We’re in the middle of the offseason which means contracts, and contract negotiations, are on our mind. Dealing with the statuses of DeMarcus Lawrence, Dak Prescott, and others could prove to be difficult.
The most pressing issue is, without question, Tank Lawrence, as he is the one set to be a free agent this offseason (technically speaking). Dallas is trying to lock him down long-term (they’ve already made one offer) and could franchise tag him as a last resort on March 5th in an effort to buy more time. Dak Prescott is a close second as far as big deals are concerned, and we know that the Cowboys want to get one done this offseason.
There are others, though (legitimate ones, not the desperate plea to keep the show running like on Lost). Amari Cooper is entering the final year of his rookie contract, a fifth-year option that the Oakland Raiders picked up an offseason ago. And while Ezekiel Elliott’s own rookie deal doesn’t expire until after the 2020 season (assuming Dallas picks up his option over the next few months) he can also be negotiated with.
Good news is there’s a loophole of sorts in the CBA as far as the 2020 season goes. Good news is good!
NFL teams can apply both the franchise and transition tags next offseason
The Cowboys have said that they won’t apply the franchise tag to DeMarcus Lawrence for the second time in as many seasons, but anything is possible in contract negotiations. If and when Dallas does do this it will be their lone utilization of the tag this offseason because per the rules outlined in the Collective Bargaining Agreement teams can only drop the franchise or transition tag in a given offseason.
According to ESPN’s Dan Graziano though... that’s not the case in 2020. Next year NFL teams can apply both the franchise and transition (I’m dubbing this move “the fransition tag” by the way) tags. That is a game-changer. Graziano even uses an example with Dak Prescott and Amari Cooper to illustrate his point.
Article 10 of the CBA stipulates that, in the Final League Year, teams are allowed to designate one franchise player and one transition player. So, in a hypothetical (and, frankly, unlikely) example in which neither Prescott nor Cooper is signed to a long-term extension by the end of the 2019 season and no new CBA is negotiated by next March, the Cowboys would have the ability to keep both of those players off the open market by designating one a franchise player and the other a transition player.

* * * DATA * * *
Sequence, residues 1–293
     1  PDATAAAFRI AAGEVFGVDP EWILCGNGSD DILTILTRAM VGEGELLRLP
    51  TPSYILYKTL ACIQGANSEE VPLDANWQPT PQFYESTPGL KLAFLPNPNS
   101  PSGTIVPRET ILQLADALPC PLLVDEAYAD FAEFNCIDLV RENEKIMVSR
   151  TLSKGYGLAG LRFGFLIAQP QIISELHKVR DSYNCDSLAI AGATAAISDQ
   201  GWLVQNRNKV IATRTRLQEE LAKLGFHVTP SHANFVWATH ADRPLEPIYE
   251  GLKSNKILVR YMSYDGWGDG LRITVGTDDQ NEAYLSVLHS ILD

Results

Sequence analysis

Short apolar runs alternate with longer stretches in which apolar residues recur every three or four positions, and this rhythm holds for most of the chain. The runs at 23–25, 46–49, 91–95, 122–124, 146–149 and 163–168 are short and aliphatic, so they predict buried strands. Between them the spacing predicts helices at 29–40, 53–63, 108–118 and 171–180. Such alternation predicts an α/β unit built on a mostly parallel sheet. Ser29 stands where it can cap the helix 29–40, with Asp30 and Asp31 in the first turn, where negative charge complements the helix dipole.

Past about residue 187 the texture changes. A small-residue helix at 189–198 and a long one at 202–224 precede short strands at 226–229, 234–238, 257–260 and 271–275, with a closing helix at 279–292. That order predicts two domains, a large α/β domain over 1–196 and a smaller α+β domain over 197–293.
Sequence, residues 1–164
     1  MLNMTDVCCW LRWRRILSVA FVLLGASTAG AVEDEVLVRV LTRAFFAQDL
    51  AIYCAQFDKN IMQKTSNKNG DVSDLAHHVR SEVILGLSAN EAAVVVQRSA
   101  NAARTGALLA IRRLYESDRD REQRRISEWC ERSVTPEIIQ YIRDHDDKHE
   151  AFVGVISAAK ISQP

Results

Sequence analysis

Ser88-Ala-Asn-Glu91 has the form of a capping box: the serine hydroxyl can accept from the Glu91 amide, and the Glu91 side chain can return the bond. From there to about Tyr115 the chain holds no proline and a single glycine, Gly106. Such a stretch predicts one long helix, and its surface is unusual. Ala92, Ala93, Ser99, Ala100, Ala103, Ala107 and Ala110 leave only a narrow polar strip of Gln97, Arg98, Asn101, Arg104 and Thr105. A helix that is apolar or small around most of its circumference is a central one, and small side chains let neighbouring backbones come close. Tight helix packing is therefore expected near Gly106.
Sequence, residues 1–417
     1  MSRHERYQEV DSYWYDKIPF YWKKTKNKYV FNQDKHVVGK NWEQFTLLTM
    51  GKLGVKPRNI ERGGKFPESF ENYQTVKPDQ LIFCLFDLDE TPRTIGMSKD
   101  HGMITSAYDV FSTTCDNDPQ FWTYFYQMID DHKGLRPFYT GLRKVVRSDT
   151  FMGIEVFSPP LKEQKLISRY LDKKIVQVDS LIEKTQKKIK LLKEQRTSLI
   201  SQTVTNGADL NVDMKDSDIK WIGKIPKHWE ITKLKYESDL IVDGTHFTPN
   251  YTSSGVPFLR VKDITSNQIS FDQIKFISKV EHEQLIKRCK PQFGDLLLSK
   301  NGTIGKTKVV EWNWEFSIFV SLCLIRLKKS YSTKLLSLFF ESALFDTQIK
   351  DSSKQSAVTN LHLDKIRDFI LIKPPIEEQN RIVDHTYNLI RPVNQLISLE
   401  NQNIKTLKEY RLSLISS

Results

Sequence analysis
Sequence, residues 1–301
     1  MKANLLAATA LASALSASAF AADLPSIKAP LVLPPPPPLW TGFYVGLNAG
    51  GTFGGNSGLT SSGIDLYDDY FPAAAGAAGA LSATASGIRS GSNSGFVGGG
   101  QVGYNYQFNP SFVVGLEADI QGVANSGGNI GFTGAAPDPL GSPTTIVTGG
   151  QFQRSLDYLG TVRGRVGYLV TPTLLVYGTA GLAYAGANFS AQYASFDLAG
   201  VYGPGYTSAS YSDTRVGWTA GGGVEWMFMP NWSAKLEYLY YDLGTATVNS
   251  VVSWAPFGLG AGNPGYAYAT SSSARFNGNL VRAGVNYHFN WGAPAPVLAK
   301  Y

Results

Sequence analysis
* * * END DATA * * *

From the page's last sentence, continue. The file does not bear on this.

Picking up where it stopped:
Prescott and Cooper work in the example because both of their contracts expire after the 2019 season. While the Cowboys have said that they want to work out a deal with Dak this offseason, this bit is still very interesting as it could be applied in a number of situations.
For those who want to know the difference between the franchise tag and the transition tag, here is a simple explanation.
The transition tag is a less-expensive version of the franchise tag that allows a player to garner contract offers from other interested teams. It offers a team the right of first refusal when it comes to one of its unrestricted free agents. That gives the free-agent-to-be more leverage than he’d have under the franchise designation — but it benefits his current team as well. The tagging franchise has the opportunity to match the terms of the contract its player would otherwise sign elsewhere.
Byron Jones could be someone the Cowboys put off because of this
When you look at the impending contracts for Lawrence, Prescott, Elliott, Cooper, and Byron Jones there’s often one player that falls to the bottom of the priority list and it is in fact the last name listed. Jones’ contract also expires after 2019 and as a result he could be one of the tags that the Cowboys hand out next offseason.
Knowing that they could conceivably protect two players next offseason as opposed to the usual one is a valuable piece of information for all NFL teams, but it’s especially applicable to the Cowboys with all of these looming deals. We’re using Jones as the example here, but it could be anyone. Say Anthony Brown balls out to the point that you want to keep him, or imagine it’s a one-year contract player that the Cowboys hand out this offseason whom they don’t want to lose. This is a great fail safe.
Obviously, it would be great for the Cowboys to get all of their important contract extensions done as soon as possible, but the reality of the NFL is that they may not happen in time. This is exactly why Dallas might have to tag Lawrence in a few weeks to buy time. It’s nice knowing that they have those options to a greater extent a year from now when things could be particularly spicy.